2011 WNBA All- Star Game: The Western Conference's Roster and Why They'll Win
The 2011 WNBA All-Star game is full of history.
From the location of the game—San Antonio will be hosting it for the first time—to the college, championships and coach familiarity between the starters of the West.
So here is the break down of the Western Conference roster for this year’s WNBA All-Star game.
Guard Sue Bird (Seattle Storm):
Drafted by the Storm in 2002 as the first overall pick, Bird came in at second in the votes for this year’s All-Star game.
With an outstanding background with the University of Connecticut, Bird will be a terrific addition as a starter for the West.
During her senior year at UConn in 2002, Bird was a member of the undefeated champs while receiving individual accolades as well. From the Wade Trophy to the Naismith College Player of the Year Award, she won it all. She was ranked first in three-point field goal percentage and free throw percentage; she was second in assists and steals and a three time winner of the Nancy Lieberman Award.
As a five time All-Star Starter, she is also one of seven women to win an Olympic gold medal, an NCAA Championship and a WNBA Championship.
2011 Stats (average): 0.473 field goal percentage, 0.409 three-point percentage, 0.826 free throw percentage, 2.8 rebounds per game, 5.2 assists per game, 1.4 steals per game and 15.5 points per game.
Guard Diana Taurasi (Phoenix Mercury):
Despite her recent DUI arrest in 2009 and her stimulant test and clearance accusation in 2010, Taurasi is another huge asset to the West in this year’s All-Star game.
Coming in at third in the All-Star Starters nomination votes, Taurasi has a history with former UConn member Sue Bird.
She helped UConn win three consecutive championships (2002, 2003, 2004). In addition, her college honors are amazing in that she was the Naismith College Player of the Year Award in ’03 and ’04, a Wade Trophy recipient in ’03 and the ’03 Associated Press Player of the Year.
She is also fortunate enough to be a member of the 2007 and 2009 WNBA Championship teams.
2011 stats (average): 0.439 field goal percentage, 0.357 three-point percentage, 0.902 free throw percentage, 3.1 rebounds per game, 3.9 assists per game, 0.9 steals per game and 19.3 points per game.
Forward Maya Moore (Minnesota Lynx):
Moore is definitely one to watch in this year’s All-Star game as the first overall pick in the 2011 WNBA draft.
As a rookie with the Lynx, Moore is not only the youngest to start in this year’s game, but she is also the first rookie to start since Bird and Catchings joined the league in 2002.
As another UConn player on the West’s roster, Moore also has two NCAA championships under her belt (2009 and 2010). Likewise, her personal achievements are just outstanding as her All-Star teammates. Moore is the 2006 and 2007 Naismith Award winner and the 2009 John Wooden Award winner.
2011 Stats (average): 0.432 field goal percentage, 0.313 three-point percentage, 0.833 free-throw percentage, 5.0 rebounds per game, 2.7 assists per game, 1.0 steals per game and 14.2 points per game.
Forward Swin Cash (Seattle Storm):
Like the majority of her teammates, Cash is another player on this year’s roster from UConn and another player with NCAA championships on her resume (2000 and 2002).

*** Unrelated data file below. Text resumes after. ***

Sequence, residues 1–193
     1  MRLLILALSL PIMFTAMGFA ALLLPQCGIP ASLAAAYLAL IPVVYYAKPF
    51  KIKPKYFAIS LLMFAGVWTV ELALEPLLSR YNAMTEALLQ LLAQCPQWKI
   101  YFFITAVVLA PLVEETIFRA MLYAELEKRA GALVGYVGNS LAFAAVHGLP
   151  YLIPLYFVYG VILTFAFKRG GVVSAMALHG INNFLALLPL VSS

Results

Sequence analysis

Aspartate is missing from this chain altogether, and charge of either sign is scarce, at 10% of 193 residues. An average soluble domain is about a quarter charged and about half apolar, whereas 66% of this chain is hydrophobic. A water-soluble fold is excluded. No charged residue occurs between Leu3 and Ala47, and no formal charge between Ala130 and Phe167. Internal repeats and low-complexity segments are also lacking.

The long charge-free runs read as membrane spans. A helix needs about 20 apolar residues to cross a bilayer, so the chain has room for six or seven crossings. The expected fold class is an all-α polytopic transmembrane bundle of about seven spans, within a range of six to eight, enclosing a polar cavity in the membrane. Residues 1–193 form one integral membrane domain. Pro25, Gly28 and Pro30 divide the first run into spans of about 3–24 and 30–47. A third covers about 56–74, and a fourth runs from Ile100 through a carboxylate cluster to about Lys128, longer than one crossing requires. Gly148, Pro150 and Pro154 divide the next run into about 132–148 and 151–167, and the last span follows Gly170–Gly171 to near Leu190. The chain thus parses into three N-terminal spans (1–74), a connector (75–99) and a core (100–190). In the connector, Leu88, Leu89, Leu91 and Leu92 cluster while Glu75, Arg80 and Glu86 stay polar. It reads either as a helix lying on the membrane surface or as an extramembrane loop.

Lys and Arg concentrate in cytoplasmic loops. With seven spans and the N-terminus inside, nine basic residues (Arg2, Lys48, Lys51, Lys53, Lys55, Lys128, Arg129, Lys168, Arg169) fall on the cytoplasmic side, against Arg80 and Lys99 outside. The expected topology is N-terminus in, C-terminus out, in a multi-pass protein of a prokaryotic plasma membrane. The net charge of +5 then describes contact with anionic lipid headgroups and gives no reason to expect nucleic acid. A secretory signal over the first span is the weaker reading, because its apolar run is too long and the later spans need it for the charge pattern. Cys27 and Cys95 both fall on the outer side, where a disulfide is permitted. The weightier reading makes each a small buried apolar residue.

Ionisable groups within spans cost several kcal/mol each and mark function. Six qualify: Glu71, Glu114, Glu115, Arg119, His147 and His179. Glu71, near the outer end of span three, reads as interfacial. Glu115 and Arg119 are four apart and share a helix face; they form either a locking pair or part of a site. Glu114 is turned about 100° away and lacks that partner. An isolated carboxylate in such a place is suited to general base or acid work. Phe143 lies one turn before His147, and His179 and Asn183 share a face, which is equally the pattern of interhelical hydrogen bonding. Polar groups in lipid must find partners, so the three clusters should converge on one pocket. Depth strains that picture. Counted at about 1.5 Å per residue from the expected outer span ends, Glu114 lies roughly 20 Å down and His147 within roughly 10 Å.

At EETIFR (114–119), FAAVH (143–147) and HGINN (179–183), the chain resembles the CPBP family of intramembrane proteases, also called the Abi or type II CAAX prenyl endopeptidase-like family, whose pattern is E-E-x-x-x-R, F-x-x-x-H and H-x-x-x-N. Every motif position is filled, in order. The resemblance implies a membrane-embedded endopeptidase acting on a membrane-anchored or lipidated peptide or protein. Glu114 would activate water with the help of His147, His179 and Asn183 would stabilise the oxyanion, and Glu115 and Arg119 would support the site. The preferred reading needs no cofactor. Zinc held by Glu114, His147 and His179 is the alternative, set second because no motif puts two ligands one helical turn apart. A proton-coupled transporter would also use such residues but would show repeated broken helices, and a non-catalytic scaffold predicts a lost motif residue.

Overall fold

Although she was selected at number two in the 2002 draft, it wasn’t until her second season in the WNBA where she would show her true talent and lead the Detroit Shock to their first ever title in 2003.
Unfortunately, due to relationship problems with her Detroit coach, she was traded in 2004 to the Seattle Storm, where she has won another championship.
2011 stats (average): 0.417 field goal percentage, 0.288 three-point percentage, 0.886 free throw percentage, 6.5 rebounds per game, 2.5 assists per game, 1.2 steals per game and 16.4 points per game.
Center Candace Parker # (Los Angeles Sparks):
She doesn’t have the UConn Connection with her All-Star teammates, but Candace Parker has made history in an extraordinary manner.
Along with two NCAA Championships ('07 and '08), she was the first to dunk in a NCAA tournament and the first to dunk twice in one college game.
Additionally, she won the Southeastern Conference Rookie of the Year and the 2006 SEC Tournament Championship with Tennessee.
In the WNBA, she was the second to dunk and make history, despite her infamous court brawl with Plenette Pierson.
2011 stats (average): 0.505 field goal percentage, 0.333 three point percentage, 0.759 free throw percentage, 9.9 rebounds per game, 2.9 assists per game, 1.1 steals per game and 17.7 points per game.
# denotes injured and will be unable to participate
Western Conference Reserves and Head Coach
Guard Becky Hammon and Forward Danielle Adams (San Antonio Silver Stars);
Forward Penny Taylor (Phoenix Mercury);
Forward Rebekkah Brunson, Guard Seimone Augustus and Guard Lindsay Whalan (Minnesota Lynx).
Head Coach Brian Agler (Seattle Storm):
As current head coach of the Seattle Storm, Agler won Coach of the Year in 2010, and his team won the WNBA title in 2010 as well.
There is no reason the West should not prevail in this year’s game.
From the several former UConn and current Minnesota members, to the few who have won NCAA Championships and WNBA titles, and to the two who are coached on a regular basis by the West’s head coach…there is an unbreakable bond that can’t separate this team and lead them to a victory.
Lest we forget, of the nine previous All-Star games*, the West has won seven….why not make history by winning the 10th All-Star game ever played during the 15th anniversary of the WNBA.
*There was no All-Star game in 2004 and 2008 due to the Olympics. There was no game in 2010, too, because of the FIBA world Championship.
Side note: Moore, Parker and Adams are the only “first-timers” for the All-Star Game on the Western Conference’s Roster.
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